DEALING WITH TRAUMA: Jennie and Abbie Landreth.
Handout photo
DEALING WITH TRAUMA: Jennie and Abbie Landreth.

Not Annie the Musical

Adoption | The little-discussed side of adoption is the crisis some families face with traumatized children

Issue: "American bounty," Nov. 30, 2013

HIXSON, Tenn.—Jennie and Mike Landreth have been married 18 years and have three children, the oldest adopted. Mike, a tall Southerner, works at the insurer Unum, doing network security. Jennie, gregarious and energetic, used to work in marketing but now stays home with their kids. Abbie, 12, is a fire-haired beauty. Hunter, 11, is dark-haired and more serious. Sammy, 10, is blond with glasses and an effervescent personality. They live in Hixson, Tenn., in a small house in a suburban neighborhood and attend Hixson Presbyterian Church. They have two dogs, a pet rat, and a king snake named Houdini.

The Landreths, both 41, adopted Abbie domestically. They adopted Abbie at birth, so they thought they would avoid the attachment issues other families sometimes have with older adopted children. They were wrong; Abbie was violent and had fits that went on for hours, tantrums on steroids. Jennie points to recent research about trauma that children experience in the womb as an explanation for why Abbie struggled. Abbie has been diagnosed with reactive attachment disorder, along the lines of post-traumatic stress disorder for children. Before Abbie, Jennie said she and her husband had a “Pollyanna view” of adoption.

“All families hear about the challenges, but ... it’s not uncommon for a family to say, ‘Yeah, that won’t happen to us,’” said Kris Faasse, the director of adoption services at Bethany Christian Services. Faasse emphasized that, statistically, most adoptions go well.

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Some parents whose adoptions didn’t go well spoke with me and said they had minimal support after they adopted. Churches and ministries are eager to expand adoption and foster care, but as child psychologist Karyn Purvis put it, they leave for the trip “before they filled up the tank.” Ministries often don’t have training or resources for families facing post-adoptive issues. And parents often feel as if they’re bad disciplinarians instead of recognizing that their child may be dealing with trauma.

“Families have got to understand—a child coming from hard places has dramatically different development processes,” said Purvis. “Otherwise their behaviors are quite mystifying.” Purvis, a child psychologist at Texas Christian University, is a foster parent herself, and she runs camps for parents that Bethany recommends. Purvis’ camps are usually swamped with demand. Bethany itself is recognizing the need for these services and is opening a post-adoption center this fall.

Children who didn’t have a consistent caregiver in the first few years of life especially develop “survival skills” because at their most formative stage of life they were hurt by the people closest to them. They approach their new adoptive family with distrust and often take out their feelings of abandonment on the adoptive mother. Screaming episodes last for hours. The child rips the house apart, literally.

Faasse said traumatized children are easily overstimulated and have no internal resources to regulate their emotions, which means their fits can quickly spiral out of control. Traditional parenting doesn’t work, because punishment makes parents the “enemies” to the child’s survival. Some families recounted their experiences to WORLD, not to dissuade other families from adopting but to point to a light at the end of the tunnel for those with traumatized adoptive children.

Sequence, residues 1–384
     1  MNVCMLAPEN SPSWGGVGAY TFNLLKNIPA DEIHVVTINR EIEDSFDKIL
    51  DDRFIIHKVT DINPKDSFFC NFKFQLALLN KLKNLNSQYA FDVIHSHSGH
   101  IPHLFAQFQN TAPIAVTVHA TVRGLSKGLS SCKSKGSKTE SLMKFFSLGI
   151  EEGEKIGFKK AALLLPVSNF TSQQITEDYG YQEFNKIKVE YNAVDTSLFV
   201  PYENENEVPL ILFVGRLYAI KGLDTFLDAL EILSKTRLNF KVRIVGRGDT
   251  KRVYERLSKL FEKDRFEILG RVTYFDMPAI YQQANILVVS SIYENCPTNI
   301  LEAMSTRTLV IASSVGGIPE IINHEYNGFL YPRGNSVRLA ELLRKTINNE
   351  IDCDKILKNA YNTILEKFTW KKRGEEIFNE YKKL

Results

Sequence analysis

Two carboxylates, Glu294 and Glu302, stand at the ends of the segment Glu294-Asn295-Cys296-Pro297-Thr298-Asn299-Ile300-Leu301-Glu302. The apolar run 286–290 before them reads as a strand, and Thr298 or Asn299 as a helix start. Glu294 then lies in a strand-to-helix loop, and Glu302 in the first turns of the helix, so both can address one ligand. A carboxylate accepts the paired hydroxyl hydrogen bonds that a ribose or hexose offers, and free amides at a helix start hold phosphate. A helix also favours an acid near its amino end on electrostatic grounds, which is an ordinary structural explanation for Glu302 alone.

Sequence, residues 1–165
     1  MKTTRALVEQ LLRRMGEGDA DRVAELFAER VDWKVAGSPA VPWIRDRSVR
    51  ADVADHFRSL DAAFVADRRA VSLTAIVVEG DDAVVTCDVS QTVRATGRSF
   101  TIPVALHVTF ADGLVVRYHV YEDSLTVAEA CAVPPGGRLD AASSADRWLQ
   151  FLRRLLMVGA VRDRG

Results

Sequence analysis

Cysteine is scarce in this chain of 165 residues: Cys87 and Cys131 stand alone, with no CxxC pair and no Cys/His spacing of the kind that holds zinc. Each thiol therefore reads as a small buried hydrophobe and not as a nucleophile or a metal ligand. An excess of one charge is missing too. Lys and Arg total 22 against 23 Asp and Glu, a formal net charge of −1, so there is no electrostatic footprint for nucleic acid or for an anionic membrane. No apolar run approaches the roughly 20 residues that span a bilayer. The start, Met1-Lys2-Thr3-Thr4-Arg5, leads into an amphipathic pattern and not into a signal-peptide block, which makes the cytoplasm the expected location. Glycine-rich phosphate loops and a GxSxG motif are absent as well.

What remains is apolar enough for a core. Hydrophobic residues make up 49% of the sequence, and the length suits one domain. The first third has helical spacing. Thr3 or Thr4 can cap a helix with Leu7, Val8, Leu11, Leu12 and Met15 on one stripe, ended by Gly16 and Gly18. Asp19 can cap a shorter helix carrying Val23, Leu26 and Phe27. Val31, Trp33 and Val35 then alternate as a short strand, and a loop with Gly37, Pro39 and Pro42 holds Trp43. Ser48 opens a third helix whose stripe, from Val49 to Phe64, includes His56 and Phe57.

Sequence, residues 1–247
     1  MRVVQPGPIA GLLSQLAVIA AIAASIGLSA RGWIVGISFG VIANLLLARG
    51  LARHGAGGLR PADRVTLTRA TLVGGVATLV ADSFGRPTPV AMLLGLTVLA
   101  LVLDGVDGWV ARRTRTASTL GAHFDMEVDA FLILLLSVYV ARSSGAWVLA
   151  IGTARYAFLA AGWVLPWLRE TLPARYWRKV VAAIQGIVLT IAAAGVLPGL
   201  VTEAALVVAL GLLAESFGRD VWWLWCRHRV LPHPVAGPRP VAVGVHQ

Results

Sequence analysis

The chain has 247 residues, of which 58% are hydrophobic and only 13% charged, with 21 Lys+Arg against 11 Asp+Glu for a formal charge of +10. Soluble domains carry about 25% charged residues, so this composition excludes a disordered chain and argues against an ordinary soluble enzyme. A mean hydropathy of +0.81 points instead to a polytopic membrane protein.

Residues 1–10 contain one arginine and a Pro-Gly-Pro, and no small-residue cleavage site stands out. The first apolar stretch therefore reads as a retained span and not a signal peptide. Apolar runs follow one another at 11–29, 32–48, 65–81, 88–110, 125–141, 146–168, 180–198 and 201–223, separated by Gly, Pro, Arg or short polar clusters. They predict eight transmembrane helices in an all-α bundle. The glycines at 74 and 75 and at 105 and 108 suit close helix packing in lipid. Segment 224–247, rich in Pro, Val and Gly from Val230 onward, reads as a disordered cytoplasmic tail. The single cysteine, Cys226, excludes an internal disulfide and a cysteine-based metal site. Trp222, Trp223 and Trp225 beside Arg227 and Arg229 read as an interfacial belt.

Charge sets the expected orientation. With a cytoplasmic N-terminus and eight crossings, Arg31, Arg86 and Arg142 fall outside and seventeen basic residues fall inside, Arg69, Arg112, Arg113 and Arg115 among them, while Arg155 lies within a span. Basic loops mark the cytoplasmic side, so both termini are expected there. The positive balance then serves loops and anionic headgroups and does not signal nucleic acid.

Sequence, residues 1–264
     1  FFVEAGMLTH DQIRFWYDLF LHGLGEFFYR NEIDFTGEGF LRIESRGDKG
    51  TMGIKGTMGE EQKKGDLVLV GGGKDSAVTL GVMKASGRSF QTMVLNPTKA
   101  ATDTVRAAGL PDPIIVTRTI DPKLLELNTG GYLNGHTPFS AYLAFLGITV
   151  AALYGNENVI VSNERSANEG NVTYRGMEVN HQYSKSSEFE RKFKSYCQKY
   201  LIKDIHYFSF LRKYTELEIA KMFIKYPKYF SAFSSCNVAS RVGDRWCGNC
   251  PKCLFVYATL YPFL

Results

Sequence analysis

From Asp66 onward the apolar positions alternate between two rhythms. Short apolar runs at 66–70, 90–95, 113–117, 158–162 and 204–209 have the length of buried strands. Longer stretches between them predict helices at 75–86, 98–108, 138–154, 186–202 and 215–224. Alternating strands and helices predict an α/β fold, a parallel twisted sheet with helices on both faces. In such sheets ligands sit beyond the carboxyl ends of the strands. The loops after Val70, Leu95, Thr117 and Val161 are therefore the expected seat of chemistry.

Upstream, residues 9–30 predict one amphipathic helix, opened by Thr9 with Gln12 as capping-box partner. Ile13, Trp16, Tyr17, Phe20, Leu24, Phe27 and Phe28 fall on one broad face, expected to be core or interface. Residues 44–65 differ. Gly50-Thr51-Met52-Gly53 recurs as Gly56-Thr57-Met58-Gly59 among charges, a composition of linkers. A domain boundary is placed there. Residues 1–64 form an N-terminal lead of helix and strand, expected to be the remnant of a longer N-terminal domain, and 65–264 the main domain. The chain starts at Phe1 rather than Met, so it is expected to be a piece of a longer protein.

When Abbie was 2, Jennie first noticed that something was off. Abbie would be up dozens of times in the night, screaming. At age 4, a doctor diagnosed her as probable bipolar. When Abbie was 7, Jennie said, “We were in living hell.” Abbie was violent as well as verbally abusive to her mother. 

“I would hit my brothers,” Abbie recounted a few months ago, as the whole family lounged together in their living room.

“I don’t remember that!” said Sammy.

“Like this?” Hunter interjected, punching Sammy in the arm.

Every night Sammy and Hunter would try to sleep through the battles their parents had with Abbie. Abbie slammed the door to her room so many times that Mike took it off its hinges. A doctor prescribed Ambien to help Abbie sleep, but she had hallucinations, and after one night her dad refused to give her any more of it. Family vacations always ended early. Even when the family tried to watch a movie together, they would have to end it in the middle because of a meltdown. Hunter once prayed that Abbie would go back to her birth mom, making Abbie cry.

“I’m pretty sure he didn’t mean it,” Sammy said as they talked about it later.

“OK, change the subject, I don’t want to think about it,” Hunter grumbled.

Abbie wore a hood everywhere she went, and she was so shy she couldn’t speak up to order at a restaurant. Jennie dreaded church events; it took a while to convince fellow church members that Abbie was more than a difficult child (now her church is supportive financially and emotionally). Jennie said she looked like “a frazzled mom who was overreacting.” Most of Abbie’s violence was directed at her mother: She threw a boot at her, and sometimes threw things while Jennie was driving. “Mostly stuff that wouldn’t kill you,” Abbie says now. “I didn’t want to hurt her, but I would just get angry and throw things at her, and then I would start crying and say I’m sorry.”


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